Emergent Japan

March 4, 1970

Report Outline
Surge of Economy and National Esteem
Prosperity and Problems of Japanese
Japan's Future Leadership Role in Asia
Special Focus

Surge of Economy and National Esteem

Expo 70 as Symbol of Japanese New Self-Pride

One hundred years ago Japan was still emerging from feudalism. Twenty-five years ago it was a nation in ruins after defeat in war. Today Japan on the eve of the opening of Expo 70 is an economic superpower, outranked only by the United States and Russia. What lies ahead is of great concern, and hope, on both sides of the Pacific. Premier Eisaku Sato told the Diet (parliament) on Feb. 14 the 1970s would be “an era in which Japan's national power will carry unprecedented weight in world affairs.”

Pushed back onto their barren islands after the allied victory in 1945, demoralized and in international disgrace, the Japanese people have made an astounding recovery. But their prosperity has spawned a host of social problems, incurred the envy and sometimes the anxiety of other Asian nations and led to a renascent nationalism in Japan. Japan's decision to hold the 1964 Olympic Games in Tokyo was an early sign of the nation's awakening self-confidence. President Nixon's pledge last November to return Okinawa to Japanese rule by 1972 was, for Japan, an important step into world prominence. Foreign Minister Kiichi Aichi said the reversion of Okinawa “will lift the last excuse in our public mind for clinging to our inward-lookingness…our strength will have been made whole again, and we will be ready for our responsibilities.” More recently, Japan's successful launching of an unmanned satellite on Feb. 11 boosted national morale.

The most obvious indication that Japan has “arrived,” however, is Expo 70, the first world's fair ever held in Asia. Expo 70 opens March 15 for a six-month run on an 815-aere site outside Osaka, Japan's second largest city. Some 80 countries are taking part in the $2 billion fair, which is expected to attract 67 million visitors from Japan and abroad, including 500,000 from America. Expo 70 is especially significant for the Japanese because they failed in three previous attempts to hold a world's fair. Construction was well under way for a fair in Tokyo in 1940 when the outbreak of World War II in Europe cancelled the event. “Progress and Harmony for Mankind” and “The Beginning of a New Century of Progress for the Far East” are the twin themes of Expo 70. The slogans reflect the duality of Japanese thinking at present, as their country casts about for a proper leadership role to match its economic strength. Despite some nagging-doubts, there is a pervasive optimism, arising from economic strength.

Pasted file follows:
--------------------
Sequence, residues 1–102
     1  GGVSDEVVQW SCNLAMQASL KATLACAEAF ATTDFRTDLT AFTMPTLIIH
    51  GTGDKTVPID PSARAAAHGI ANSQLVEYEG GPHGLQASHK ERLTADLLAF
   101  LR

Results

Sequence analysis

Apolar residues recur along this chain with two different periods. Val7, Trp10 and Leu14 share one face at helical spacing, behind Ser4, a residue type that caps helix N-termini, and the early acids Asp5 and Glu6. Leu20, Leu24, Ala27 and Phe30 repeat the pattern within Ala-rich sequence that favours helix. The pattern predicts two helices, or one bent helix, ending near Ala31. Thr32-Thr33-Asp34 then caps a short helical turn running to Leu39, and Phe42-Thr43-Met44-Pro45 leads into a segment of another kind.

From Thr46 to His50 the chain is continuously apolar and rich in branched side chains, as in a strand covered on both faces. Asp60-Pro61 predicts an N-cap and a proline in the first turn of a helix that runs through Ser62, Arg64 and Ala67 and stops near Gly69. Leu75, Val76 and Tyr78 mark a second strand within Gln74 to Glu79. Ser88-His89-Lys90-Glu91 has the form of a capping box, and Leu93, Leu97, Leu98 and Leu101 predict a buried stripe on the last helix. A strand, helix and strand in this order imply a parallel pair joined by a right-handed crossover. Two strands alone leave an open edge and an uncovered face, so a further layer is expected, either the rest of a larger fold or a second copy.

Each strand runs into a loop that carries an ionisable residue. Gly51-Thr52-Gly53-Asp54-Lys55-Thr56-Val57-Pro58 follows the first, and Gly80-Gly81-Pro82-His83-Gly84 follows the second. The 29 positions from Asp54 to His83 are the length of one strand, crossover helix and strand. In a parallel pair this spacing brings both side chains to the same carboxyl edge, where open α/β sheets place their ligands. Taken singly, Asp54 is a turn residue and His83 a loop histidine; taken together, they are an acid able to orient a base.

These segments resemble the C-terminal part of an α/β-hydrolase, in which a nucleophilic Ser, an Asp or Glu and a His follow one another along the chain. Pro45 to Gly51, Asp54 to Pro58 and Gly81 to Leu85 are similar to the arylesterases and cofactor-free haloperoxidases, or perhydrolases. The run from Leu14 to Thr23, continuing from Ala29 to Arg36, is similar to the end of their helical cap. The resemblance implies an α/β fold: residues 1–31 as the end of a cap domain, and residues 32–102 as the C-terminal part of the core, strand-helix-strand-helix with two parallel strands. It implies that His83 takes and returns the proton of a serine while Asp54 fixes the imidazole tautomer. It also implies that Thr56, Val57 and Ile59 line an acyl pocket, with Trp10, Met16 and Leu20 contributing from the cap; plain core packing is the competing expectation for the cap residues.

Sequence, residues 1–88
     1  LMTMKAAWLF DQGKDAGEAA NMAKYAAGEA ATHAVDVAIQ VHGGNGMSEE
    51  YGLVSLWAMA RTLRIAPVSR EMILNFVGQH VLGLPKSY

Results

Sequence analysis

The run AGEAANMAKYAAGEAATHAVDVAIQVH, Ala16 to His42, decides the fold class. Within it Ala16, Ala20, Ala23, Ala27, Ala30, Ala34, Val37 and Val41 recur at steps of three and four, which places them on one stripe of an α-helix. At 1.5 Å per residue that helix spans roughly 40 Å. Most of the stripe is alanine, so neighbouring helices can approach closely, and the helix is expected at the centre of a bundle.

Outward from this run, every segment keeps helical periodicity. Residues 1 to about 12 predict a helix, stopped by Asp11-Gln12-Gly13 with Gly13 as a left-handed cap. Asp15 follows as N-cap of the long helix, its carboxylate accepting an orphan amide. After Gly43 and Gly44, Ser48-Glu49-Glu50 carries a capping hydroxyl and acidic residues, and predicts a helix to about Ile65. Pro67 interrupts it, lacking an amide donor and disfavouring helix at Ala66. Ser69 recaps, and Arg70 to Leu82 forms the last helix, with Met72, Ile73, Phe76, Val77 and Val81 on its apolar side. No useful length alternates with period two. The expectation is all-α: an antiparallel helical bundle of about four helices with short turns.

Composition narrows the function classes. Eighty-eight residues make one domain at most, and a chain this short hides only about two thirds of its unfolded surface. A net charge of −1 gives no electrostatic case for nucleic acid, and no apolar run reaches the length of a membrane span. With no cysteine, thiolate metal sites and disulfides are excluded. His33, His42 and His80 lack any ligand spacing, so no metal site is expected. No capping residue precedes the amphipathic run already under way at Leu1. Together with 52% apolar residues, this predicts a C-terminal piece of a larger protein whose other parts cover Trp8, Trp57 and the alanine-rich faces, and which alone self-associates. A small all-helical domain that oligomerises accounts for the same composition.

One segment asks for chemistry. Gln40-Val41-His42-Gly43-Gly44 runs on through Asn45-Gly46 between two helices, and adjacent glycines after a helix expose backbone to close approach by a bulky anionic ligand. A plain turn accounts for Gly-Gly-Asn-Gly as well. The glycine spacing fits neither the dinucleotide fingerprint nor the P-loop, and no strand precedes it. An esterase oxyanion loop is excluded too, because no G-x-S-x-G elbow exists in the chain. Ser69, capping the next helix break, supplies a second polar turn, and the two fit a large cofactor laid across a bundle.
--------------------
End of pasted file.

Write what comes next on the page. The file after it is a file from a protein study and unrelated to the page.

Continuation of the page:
ISSUE TRACKER for Related Reports
Jul. 26, 2002  Japan in Crisis
May 31, 1991  The U.S. And Japan
Apr. 09, 1982  Tensions in U.S.-Japanese Relations
Jul. 01, 1977  Japanese Elections
Mar. 04, 1970  Emergent Japan
Jun. 25, 1969  Okinawa Question
Jan. 05, 1966  Rising Japanese Nationalism
Jun. 02, 1960  Japan: Disturbed Ally
Nov. 18, 1959  Japanese Competition in International Trade
May 11, 1955  Relations With Japan
Nov. 03, 1954  Japan's Economy
Jan. 09, 1952  Trade with Japan
Feb. 28, 1951  Japan and Pacific Security
Sep. 19, 1947  Peace with Japan
Aug. 14, 1945  Emperor of Japan
Nov. 03, 1944  Russo-Japanese Relations
Dec. 09, 1939  The United States and Japan's New Order in Asia
Dec. 05, 1938  Japan and the Open Door Policy
Apr. 29, 1935  Japanese Foreign Trade Expansion
May 11, 1934  Japanese Policy in Asia
Oct. 12, 1932  Japanese-American Relations
Mar. 17, 1932  Boycotts and Embargoes
Feb. 10, 1932  Militarism Vs. Liberalism in Japan
Regional Political Affairs: East Asia and the Pacific